Know Your Booker!: Deborah Levy’s Swimming Home

Swimming_HomeSo you think you know everything there is to know about Deborah Levy’s Booker nominated novel Swimming Home? Test your knowledge against our GoodReads quiz here!

What’s it about?

Swimming Home is described by the book’s publisher And Other Stories as follows:

As he arrives with his family at the villa in the hills above Nice, Joe sees a body in the swimming pool. But the girl is very much alive. She is Kitty Finch: a self-proclaimed botanist with green-painted fingernails, walking naked out of the water and into the heart of their holiday. Why is she there? What does she want from them all? And why does Joe’s wife allow her to remain?

Swimming Home is a subversive page-turner, a merciless gaze at the insidious harm that depression can have on apparently stable, well-turned-out people. Set in a summer villa, the story is tautly structured, taking place over a single week in which a group of beautiful, flawed tourists in the French Riviera come loose at the seams.

Deborah Levy’s writing combines linguistic virtuosity, technical brilliance and a strong sense of what it means to be alive. Swimming Home represents a new direction for a major writer. In this book, the wildness and the danger are all the more powerful for resting just beneath the surface.

With its biting humour and immediate appeal, it wears its darkness lightly.

Who is Deborah Levy?

According to her official website:

Deborah Levy trained at Dartington College of Arts leaving in 1981 to write a number of plays, highly acclaimed for their “intellectual rigour, poetic fantasy and visual imagination”, including PAX, HERESIES for the Royal Shakespeare Company, CLAM, CALL BLUE JANE, SHINY NYLON, HONEY BABY MIDDLE ENGLAND, PUSHING THE PRINCE INTO DENMARK and MACBETH-FALSE MEMORIES, some of which are published in LEVY: PLAYS 1 (Methuen)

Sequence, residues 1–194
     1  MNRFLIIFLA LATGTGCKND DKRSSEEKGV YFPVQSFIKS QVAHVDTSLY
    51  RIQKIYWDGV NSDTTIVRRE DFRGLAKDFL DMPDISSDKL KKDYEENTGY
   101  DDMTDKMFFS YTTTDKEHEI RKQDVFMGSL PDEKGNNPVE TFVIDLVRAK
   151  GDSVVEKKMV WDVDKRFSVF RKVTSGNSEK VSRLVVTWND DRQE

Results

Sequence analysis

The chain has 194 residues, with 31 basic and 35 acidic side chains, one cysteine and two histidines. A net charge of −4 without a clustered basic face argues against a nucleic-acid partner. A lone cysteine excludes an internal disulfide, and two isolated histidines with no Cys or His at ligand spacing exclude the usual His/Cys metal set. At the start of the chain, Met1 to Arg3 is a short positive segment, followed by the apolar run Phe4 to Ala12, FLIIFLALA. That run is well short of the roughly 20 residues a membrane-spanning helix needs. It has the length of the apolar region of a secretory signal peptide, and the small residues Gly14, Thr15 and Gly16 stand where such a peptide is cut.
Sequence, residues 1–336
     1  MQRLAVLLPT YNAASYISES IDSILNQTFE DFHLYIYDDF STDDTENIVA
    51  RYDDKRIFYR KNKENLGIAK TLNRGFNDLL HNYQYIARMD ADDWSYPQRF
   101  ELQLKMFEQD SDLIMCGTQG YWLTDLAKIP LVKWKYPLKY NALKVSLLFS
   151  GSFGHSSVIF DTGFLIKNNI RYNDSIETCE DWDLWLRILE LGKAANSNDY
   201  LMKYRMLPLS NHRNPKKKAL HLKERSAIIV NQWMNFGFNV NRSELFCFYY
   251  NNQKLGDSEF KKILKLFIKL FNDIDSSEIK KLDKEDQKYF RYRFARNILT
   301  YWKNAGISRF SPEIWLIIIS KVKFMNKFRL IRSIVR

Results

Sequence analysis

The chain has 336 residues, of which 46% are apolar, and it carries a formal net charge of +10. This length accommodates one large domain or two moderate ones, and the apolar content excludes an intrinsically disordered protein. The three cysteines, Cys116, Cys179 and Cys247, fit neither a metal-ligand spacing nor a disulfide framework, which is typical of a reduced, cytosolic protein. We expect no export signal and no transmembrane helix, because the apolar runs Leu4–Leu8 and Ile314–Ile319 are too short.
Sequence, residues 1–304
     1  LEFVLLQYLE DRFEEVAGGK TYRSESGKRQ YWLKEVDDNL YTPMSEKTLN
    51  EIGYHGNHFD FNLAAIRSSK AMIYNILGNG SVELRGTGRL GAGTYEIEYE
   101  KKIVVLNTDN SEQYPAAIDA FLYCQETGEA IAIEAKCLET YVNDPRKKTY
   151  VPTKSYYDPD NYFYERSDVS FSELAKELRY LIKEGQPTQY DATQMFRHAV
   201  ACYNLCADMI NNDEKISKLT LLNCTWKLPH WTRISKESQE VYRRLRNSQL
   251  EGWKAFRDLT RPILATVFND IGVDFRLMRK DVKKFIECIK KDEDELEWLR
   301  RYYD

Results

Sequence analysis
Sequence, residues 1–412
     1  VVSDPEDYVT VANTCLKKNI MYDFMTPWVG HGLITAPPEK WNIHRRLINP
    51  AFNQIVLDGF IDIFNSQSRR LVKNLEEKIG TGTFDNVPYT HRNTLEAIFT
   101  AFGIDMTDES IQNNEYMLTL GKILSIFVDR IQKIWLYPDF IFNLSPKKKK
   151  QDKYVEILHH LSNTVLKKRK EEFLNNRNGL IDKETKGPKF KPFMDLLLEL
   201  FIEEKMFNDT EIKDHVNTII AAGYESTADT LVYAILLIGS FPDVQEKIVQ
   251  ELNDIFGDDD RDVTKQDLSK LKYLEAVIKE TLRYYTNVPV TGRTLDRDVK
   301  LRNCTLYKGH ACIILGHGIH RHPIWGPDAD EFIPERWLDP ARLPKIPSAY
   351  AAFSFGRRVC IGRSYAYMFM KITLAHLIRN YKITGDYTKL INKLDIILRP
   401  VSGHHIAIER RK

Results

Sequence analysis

Deborah wrote and published her first novel BEAUTIFUL MUTANTS (Vintage), when she was 27 years old. The experience of not having to give her words to a director, actors and designer to interpret, was so exhilarating, she wrote a few more. These include, SWALLOWING GEOGRAPHY, THE UNLOVED (Vintage) and BILLY and GIRL (Bloomsbury). She has always written across a number of art forms (see Bookworks and Collaborations with visual artists) and was Fellow in Creative Arts at Trinity College, Cambridge from 1989-1991.

What does BookerMarks think of Swimming Home?

Mike (Review): “Swimming Home succeeds in putting mental illness and depression on the table and making us digest its implications.”

Elizabeth (Review): “After reading a number of books on the 2012 Man Booker nomination list, and wondering why in the world they were included, it was refreshing to read one that belongs.  Swimming Home is not uplifting.   It’s not amusing.  It is, however, profound.”

Jackie (Review): “Swimming Home is a very short book. Short on pages, short on characters and short on catching my interest.”

Michelle (Review): “This little novel starts out with a very intriguing first chapter – one that draws the reader in.  A chapter that makes you hope for a day at home alone on your favorite reading couch with an icy beverage and a bowl of popcorn to munch.”

Aaron (Review): “Dare I say it’s reminiscent in this regard to another very recent thought-provoking Booker winner?”

Karli (Review): “the prose has consistent moments of poignancy and dark humor.”

Penny (Review): “The cast of characters is widely varied and all are unhinged in some way.”

What do YOU think of Deborah Levy’s Swimming Home? Sound off below or visit our GoodReads forum to submit your official rating for the book which will be added to our community long list standings!

Advertisements

One comment

Leave a Reply

Fill in your details below or click an icon to log in:

WordPress.com Logo

You are commenting using your WordPress.com account. Log Out / Change )

Twitter picture

You are commenting using your Twitter account. Log Out / Change )

Facebook photo

You are commenting using your Facebook account. Log Out / Change )

Google+ photo

You are commenting using your Google+ account. Log Out / Change )

Connecting to %s